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FAQs on transaction reporting – Question II.2.2.1

We understand that an order will not be required for Click & Trade as per Annex II of the Trum, but is there a way of indicating that the Trade is a Click and Trade so that it won’t get rejected for not having a valid Order associated with it?

Suggested solution:  We think the answer to this is already in the .XML sample.  There’s an optional tag called ‘clickAndTradeDetails’ which we would use to indicate the Trade type.


Answer:

It is our understanding that a Click & Trade is a Limit order which aggresses the initiator order. When reporting click an trade transactions the reporting parties have two options:

1) to create a Limit Order and report it as an order; or

2) to report a transaction with the ‘clickAndTradeDetails’ filled in (i.e. “LIM” for Limit Order in the order type).

Please see examples in Annex II to the TRUM and XML examples related to them available on the REMIT portal at https://www.acer-remit.eu/portal/data-submission

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FAQs on transaction reporting – Question II.2.2.2

Different but valid interpretations of delivery profiles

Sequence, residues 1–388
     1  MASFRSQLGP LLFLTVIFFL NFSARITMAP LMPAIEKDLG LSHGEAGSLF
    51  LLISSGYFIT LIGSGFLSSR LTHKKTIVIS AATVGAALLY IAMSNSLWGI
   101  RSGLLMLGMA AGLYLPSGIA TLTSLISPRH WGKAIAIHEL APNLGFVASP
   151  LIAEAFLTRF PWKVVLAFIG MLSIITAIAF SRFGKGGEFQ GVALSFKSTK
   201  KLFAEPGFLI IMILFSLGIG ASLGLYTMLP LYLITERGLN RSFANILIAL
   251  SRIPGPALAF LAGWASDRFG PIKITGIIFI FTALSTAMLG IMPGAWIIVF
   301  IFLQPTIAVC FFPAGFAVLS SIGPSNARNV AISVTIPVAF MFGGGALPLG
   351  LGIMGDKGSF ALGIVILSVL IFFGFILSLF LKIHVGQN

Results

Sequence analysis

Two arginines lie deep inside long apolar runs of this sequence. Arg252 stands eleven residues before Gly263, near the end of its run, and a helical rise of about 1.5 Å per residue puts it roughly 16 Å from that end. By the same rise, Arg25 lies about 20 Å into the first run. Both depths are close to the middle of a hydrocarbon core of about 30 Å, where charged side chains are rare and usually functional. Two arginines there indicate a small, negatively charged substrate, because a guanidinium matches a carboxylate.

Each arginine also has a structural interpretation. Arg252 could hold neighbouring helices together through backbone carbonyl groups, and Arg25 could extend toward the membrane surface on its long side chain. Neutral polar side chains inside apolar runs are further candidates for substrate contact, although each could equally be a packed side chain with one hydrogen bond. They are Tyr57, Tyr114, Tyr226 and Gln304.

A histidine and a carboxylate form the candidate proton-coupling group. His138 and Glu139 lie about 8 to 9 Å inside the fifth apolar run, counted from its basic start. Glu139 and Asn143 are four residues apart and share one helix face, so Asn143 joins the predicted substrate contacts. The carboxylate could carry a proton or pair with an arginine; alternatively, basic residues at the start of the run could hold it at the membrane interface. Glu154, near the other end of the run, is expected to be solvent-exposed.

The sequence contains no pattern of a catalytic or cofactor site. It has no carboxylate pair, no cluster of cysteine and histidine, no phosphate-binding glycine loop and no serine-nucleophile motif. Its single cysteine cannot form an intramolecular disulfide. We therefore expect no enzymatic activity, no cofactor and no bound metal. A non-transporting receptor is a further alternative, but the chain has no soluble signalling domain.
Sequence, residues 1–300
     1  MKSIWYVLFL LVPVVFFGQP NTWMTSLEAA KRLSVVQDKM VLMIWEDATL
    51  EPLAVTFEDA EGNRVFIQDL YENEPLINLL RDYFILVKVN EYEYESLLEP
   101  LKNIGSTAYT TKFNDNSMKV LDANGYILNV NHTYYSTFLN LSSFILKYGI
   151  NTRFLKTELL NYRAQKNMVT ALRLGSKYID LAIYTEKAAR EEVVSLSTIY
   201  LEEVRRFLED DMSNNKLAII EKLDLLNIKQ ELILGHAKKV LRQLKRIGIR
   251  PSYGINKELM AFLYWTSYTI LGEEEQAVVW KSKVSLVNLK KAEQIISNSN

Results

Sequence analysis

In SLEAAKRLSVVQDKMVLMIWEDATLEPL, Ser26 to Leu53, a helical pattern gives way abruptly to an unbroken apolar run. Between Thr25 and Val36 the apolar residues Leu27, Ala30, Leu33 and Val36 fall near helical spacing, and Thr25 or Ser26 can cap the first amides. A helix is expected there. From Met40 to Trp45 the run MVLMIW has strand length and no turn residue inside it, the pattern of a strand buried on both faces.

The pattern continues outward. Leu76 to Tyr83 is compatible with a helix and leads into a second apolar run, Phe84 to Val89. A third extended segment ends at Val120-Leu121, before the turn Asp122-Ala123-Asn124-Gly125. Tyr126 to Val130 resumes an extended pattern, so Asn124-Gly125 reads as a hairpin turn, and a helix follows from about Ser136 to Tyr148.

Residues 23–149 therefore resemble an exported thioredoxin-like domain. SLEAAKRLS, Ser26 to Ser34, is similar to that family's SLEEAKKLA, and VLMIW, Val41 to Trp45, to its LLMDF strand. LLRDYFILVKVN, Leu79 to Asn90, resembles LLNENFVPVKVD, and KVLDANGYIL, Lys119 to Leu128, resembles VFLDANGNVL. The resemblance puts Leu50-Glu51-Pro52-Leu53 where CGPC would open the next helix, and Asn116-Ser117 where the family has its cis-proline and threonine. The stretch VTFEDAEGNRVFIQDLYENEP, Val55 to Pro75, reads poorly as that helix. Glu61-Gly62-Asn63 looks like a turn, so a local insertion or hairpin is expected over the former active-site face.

As an example –  an off peak trade I currently build as

<deliveryProfile>

<daysOfTheWeek>WD</daysOfTheWeek>

<loadDeliveryStartTime>00:00:00</loadDeliveryStartTime>

<loadDeliveryEndTime>08:00:00</loadDeliveryEndTime>

</deliveryProfile>

<deliveryProfile>

<daysOfTheWeek>WD</daysOfTheWeek>

<loadDeliveryStartTime>20:00:00</loadDeliveryStartTime>

<loadDeliveryEndTime>00:00:00</loadDeliveryEndTime>

</deliveryProfile>

<deliveryProfile>

<daysOfTheWeek>WN</daysOfTheWeek>

<loadDeliveryStartTime>00:00:00</loadDeliveryStartTime>

<loadDeliveryEndTime>00:00:00</loadDeliveryEndTime>

</deliveryProfile>

but it could equally, legally be described as this.

<deliveryProfile>

<daysOfTheWeek>WD</daysOfTheWeek>

<loadDeliveryStartTime>20:00:00</loadDeliveryStartTime>

<loadDeliveryEndTime>08:00:00</loadDeliveryEndTime>

</deliveryProfile>

<deliveryProfile>

<daysOfTheWeek>WN</daysOfTheWeek>

<loadDeliveryStartTime>00:00:00</loadDeliveryStartTime>

<loadDeliveryEndTime>00:00:00</loadDeliveryEndTime>

</deliveryProfile>

We would prefer our version as it is clearer, does it matter? They are both schema valid and correct to our mind